Photoshop is great tool. Well, it is the best thing out there when it comes down to dealing with your images – full stop! However, not everyone can afford it and more importantly for this post, it is often an absolute overkill if you wish to perform some very basic image compression in order to get it ready for a web use. Do you really wish to fire up Photoshop just so your image or a photo is ‘light’ enough for you to post it to your blog, web page or social media site? Answer is yes, of course, but only if you don’t know better and easier way and this is where online image compressor comes into play!

Compressor is very basic online application that is focusing on one simple thing which is reducing size of your jpg, png, gif or svg image file – that is it! However limited, it does what it does extremely well so don’t be surprised if your 1MB photo or an image drops down to about 250KB. Yes, Compressor will easily trim half and in some instances two thirds or even three quarters of an image size with minimal reduction in image quality! Naturally, you could do all this in some heavy lifting image editing software but in case you don’t know what you are doing you will never end up with such great results in such short time – fact!

Only complaint that I have with Compressor is that it won’t allow you to upload number of images at the same time. Kind of crap if you have fair few photos to grind through since you will be forced to upload and then download compressed versions of your images one by one. This is shame, but even with such handicap it will still be great time as well as money saver for many – no doubt about it…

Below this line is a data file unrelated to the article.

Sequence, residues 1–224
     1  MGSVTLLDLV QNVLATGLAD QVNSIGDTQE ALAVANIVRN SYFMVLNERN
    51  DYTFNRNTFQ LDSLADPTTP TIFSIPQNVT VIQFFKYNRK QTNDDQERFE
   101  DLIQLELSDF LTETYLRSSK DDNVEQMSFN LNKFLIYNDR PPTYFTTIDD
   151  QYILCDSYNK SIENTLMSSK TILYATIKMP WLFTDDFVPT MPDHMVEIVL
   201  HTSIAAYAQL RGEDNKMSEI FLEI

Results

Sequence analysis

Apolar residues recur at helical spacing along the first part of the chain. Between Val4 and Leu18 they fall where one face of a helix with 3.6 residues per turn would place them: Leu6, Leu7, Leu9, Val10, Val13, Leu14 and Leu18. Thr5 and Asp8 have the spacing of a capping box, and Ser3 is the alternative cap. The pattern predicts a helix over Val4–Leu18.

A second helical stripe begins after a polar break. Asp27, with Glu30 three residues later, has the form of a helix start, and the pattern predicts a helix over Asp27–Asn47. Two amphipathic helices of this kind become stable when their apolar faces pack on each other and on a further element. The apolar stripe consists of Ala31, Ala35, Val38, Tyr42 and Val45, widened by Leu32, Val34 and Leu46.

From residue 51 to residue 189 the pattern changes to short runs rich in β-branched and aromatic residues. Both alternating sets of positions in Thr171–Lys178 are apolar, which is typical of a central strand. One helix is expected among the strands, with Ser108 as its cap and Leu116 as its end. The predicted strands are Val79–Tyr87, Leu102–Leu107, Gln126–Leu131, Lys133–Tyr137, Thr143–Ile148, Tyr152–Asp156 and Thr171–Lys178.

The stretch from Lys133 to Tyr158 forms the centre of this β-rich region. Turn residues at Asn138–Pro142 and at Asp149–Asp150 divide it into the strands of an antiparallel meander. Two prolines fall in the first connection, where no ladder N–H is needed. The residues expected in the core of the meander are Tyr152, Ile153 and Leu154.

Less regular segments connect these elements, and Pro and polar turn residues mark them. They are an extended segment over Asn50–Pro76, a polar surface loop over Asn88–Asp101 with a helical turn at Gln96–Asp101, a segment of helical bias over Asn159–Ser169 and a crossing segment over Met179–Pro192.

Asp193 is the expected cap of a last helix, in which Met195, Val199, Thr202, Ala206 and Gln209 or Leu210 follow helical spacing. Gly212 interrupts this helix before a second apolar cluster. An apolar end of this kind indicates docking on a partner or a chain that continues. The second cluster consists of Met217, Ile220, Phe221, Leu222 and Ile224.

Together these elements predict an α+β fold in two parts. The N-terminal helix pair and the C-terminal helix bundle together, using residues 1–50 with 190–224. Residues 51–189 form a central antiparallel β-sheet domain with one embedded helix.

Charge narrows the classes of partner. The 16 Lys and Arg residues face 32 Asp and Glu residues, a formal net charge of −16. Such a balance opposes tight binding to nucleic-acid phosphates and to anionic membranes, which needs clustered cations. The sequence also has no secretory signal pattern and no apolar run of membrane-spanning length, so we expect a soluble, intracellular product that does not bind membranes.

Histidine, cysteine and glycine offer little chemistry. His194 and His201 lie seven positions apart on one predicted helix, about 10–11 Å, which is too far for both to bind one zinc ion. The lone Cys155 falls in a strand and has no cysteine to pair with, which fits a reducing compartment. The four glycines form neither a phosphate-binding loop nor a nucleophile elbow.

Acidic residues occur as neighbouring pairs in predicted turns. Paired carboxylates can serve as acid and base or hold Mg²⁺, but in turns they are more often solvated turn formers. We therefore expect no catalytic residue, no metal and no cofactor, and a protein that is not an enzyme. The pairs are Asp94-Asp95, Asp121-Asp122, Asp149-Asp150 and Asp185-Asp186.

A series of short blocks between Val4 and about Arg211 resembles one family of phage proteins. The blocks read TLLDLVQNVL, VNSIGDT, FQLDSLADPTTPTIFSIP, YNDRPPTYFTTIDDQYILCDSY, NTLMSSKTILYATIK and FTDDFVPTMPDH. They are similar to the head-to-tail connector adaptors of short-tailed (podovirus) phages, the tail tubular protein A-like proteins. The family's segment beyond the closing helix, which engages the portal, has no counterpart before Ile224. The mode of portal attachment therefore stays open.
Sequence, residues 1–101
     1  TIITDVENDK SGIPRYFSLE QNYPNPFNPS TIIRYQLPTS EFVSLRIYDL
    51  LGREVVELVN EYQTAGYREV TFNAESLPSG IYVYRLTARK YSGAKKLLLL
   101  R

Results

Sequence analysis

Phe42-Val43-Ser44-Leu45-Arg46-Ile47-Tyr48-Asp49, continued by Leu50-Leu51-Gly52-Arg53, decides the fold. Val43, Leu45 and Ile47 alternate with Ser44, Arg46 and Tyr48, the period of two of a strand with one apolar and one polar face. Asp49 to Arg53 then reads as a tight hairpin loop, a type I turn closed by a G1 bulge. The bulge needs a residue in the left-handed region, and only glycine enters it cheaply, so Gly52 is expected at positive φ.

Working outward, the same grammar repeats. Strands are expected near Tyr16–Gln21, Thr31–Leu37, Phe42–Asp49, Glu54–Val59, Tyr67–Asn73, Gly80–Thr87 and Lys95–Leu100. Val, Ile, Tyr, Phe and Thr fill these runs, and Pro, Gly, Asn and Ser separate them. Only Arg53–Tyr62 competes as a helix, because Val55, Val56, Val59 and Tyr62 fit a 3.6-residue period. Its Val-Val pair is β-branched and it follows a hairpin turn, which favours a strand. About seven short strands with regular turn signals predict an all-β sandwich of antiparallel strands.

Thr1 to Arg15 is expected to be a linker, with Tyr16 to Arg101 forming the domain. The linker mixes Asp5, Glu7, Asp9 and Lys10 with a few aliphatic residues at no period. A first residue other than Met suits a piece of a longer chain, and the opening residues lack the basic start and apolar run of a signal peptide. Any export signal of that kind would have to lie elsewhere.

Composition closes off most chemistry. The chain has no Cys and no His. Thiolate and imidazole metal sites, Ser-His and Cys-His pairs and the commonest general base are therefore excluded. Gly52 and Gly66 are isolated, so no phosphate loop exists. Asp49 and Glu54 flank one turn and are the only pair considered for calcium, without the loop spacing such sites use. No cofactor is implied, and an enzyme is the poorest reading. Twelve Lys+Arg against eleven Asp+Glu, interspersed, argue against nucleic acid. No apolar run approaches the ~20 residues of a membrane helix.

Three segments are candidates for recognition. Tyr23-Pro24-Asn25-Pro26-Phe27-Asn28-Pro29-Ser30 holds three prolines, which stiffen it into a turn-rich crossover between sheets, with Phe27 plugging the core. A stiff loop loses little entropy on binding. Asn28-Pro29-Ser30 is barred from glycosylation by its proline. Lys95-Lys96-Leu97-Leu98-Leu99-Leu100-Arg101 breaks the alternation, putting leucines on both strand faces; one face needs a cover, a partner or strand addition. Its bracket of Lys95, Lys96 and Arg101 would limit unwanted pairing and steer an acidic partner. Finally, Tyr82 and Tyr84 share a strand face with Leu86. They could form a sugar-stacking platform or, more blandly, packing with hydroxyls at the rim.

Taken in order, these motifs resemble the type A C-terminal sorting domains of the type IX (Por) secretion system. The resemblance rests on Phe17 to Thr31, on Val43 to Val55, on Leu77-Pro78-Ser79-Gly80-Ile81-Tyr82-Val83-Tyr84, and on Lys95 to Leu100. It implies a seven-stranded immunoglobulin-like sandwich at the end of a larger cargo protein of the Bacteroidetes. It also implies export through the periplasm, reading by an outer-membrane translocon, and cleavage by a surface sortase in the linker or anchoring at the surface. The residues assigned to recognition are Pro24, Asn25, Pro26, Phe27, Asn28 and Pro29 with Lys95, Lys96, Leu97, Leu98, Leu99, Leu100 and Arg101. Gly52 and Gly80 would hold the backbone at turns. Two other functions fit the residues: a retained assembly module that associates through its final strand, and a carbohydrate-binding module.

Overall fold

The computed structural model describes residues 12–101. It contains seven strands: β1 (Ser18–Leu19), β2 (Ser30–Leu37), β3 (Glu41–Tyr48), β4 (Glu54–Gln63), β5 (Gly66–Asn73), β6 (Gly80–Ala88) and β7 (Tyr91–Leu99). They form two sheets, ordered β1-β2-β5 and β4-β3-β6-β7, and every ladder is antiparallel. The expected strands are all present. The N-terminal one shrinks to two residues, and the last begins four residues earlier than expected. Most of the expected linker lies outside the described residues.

Now you may wonder why exactly would you compress your photos and other images in the first place. Well, there are many reasons – first of all, it goes without saying that whoever is looking at your website or a blog will download page where compressed images are way faster than a page full of non-compressed images. Second, server resources are quite important so it’s obvious that you will be saving at very least half of the storage capacity by using compressed images. Third reason, arguably the most important one, is that Google and other search engines don’t like uncompressed photos, meaning that you can count on way better indexing and ranking scores if your images are properly optimised (or compressed) for the web use. With all this in mind, I can’t recommend Compressor strongly enough – great little tool :)

Check out Compressor here: